In humans, white matter formation occurs extensively throughout childhood and continues well into the second decade of life. Once myelination is complete, it was believed that the distribution of white matter remained stable. But this is not the case. Using a brain scanning technique called diffusion tensor imaging to visualize white matter tracts in the human brain, researchers have shown, for example, that learning a complex motor skill such as juggling or playing the piano induces changes in the brain’s white matter architecture, and animal experiments show that blocking the formation of new oligodendrocytes impairs memory consolidation.
The new study, led by Juliet Knowles, was performed on an inbred strain of rats that grow to develop spontaneous ”absence” seizures (which involve a lapse in consciousness) similar to those in humans. In these animals, the seizures originate in cells connecting the cerebral cortex to a subcortical structure called the thalamus and spread through the brain via white matter tracts connecting these regions, as well as through the corpus callosum, a huge white matter bundle connecting the two hemispheres.
Knowles and her colleagues examined the brains of these animals before and after they developed seizures and compared them to those of healthy control rats. They found that the number of oligodendrocytes, and the extent of myelination, in the corpus callosum was greater in the epileptic rats after the onset of seizures and increased in parallel with the progression of the seizures. Brain regions that were unaffected by the seizures did not exhibit these differences.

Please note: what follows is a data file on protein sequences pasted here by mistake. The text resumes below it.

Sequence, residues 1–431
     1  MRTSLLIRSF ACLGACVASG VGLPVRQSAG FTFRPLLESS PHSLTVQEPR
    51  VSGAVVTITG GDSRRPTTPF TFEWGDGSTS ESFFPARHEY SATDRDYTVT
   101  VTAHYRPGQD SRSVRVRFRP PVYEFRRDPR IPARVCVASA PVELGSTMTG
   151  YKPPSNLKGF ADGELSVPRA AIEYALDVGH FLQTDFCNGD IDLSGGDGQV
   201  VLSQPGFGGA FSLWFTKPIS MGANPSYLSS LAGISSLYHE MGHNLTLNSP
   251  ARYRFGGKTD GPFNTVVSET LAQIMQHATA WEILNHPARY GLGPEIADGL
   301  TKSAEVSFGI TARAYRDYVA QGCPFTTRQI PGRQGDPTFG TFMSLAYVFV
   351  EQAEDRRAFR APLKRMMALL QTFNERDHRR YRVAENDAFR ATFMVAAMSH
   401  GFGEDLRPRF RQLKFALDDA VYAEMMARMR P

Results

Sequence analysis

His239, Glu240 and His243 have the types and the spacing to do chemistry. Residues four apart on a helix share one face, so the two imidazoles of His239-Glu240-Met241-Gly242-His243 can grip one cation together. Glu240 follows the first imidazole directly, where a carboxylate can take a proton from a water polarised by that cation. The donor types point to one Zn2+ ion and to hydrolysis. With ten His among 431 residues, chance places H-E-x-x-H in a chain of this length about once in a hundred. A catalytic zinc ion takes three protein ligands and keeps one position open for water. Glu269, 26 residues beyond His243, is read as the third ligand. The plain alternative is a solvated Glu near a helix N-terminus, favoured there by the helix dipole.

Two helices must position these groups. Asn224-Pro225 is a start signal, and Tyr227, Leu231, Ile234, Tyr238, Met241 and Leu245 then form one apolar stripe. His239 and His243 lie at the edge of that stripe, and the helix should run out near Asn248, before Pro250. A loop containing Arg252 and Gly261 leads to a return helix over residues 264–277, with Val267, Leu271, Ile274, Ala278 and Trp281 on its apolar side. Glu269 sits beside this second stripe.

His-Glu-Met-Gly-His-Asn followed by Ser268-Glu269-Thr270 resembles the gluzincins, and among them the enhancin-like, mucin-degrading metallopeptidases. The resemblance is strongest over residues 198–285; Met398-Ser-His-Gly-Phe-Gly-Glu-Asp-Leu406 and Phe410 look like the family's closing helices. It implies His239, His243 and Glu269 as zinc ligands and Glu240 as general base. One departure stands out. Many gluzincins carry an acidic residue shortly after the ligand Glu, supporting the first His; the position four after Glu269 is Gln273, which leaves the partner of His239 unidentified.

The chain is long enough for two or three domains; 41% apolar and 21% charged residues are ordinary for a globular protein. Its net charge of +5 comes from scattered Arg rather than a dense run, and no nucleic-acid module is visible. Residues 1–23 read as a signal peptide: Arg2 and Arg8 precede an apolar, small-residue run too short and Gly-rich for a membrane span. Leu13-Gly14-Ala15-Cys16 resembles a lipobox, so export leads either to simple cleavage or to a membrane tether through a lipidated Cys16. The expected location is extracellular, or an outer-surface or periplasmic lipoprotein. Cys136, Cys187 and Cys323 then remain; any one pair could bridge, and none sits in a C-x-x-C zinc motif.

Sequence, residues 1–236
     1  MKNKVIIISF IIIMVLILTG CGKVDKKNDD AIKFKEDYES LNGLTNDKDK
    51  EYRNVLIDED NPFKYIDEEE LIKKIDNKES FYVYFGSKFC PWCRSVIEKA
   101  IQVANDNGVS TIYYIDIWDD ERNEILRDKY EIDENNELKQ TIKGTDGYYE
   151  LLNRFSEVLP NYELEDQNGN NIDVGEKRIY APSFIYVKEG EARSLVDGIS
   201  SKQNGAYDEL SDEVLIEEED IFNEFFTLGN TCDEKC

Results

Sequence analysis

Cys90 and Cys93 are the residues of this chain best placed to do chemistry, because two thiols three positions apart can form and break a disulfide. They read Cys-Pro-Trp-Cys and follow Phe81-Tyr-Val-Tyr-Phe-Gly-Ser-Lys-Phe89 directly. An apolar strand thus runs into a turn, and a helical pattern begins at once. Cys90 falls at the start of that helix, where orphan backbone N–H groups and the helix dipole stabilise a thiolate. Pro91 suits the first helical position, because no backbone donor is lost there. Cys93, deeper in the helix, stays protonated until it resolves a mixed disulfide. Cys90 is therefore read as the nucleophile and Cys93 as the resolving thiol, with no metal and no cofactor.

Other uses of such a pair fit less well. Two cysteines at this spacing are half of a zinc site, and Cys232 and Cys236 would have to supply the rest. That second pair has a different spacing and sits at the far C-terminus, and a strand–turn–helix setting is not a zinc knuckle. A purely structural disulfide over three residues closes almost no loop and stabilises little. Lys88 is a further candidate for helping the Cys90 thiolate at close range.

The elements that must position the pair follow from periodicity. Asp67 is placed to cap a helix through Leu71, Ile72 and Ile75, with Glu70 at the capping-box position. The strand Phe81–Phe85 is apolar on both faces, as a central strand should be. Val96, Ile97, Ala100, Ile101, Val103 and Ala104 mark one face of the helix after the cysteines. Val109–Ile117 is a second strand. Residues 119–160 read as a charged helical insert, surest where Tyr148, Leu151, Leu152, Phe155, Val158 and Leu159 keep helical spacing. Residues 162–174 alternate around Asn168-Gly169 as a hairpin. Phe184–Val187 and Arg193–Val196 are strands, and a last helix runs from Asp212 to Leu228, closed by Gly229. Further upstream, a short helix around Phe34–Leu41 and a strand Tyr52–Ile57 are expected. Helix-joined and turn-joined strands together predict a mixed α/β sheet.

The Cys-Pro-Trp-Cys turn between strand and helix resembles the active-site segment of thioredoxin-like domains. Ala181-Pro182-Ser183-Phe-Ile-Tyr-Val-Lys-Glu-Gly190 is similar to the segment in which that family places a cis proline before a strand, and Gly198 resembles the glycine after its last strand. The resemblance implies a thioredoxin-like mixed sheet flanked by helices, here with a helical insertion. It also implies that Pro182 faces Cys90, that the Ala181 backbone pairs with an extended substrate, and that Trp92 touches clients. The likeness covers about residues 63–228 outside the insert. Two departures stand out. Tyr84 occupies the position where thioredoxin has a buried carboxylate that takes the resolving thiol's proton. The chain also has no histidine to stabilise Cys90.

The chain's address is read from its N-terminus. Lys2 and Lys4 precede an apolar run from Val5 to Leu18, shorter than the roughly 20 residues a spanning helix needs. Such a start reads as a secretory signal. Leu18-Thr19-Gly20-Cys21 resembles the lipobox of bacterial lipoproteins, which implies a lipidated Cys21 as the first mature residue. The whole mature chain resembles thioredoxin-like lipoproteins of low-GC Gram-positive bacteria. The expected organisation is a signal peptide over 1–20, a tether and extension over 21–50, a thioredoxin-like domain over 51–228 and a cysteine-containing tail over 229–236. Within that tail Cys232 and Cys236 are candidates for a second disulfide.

As well as exhibiting a 69% increase in the number of immature oligodendrocytes and a 56% increase in mature cells, the rats also had an abnormal myelin structure, with the myelin sheaths around axon fibers being thicker than those in the control rats. Rats treated with the anti-convulsant drug ethosuximide, however, had fewer seizures, or none at all, and their myelin structure was comparable to that seen in the controls.
The team also used the Cre-LoxP system to breed a seizure-prone, genetically engineered strain of mice that could allow the researchers to delete a cell surface receptor called TrkB from immature oligodendrocytes at any stage by treatment with the drug tamoxifen. During normal development, active neurons secrete a growth factor called brain-derived neurotrophic factor (BDNF), which binds TrkB on immature oligodendrocytes to induce myelination of axons projecting from the corpus callosum to the cortex. These mice developed seizures at around three months of age and exhibited the same abnormalities as the epileptic rats, but deletion of TrkB from immature oligodendrocytes prevented the abnormal increase in myelination and significantly reduced the number of seizures they had.
The results, published in Nature Neuroscience, show that the electrical activity associated with epileptic seizures increased both the proliferation of immature oligodendrocytes and the number of mature oligodendrocytes in the corpus callosum, leading to abnormal overproduction of myelin that in turn promoted the progression of epilepsy.
From mice to men
It is, however, too soon to directly extrapolate the findings to epilepsy in humans. Epilepsy takes various forms in humans, which differ in cause, age of onset, and location and severity of seizures, and so the role of myelin plasticity is also likely to differ between each form. Nevertheless, further investigation of maladaptive myelination may eventually lead to novel strategies for treating epilepsy and other neurological conditions.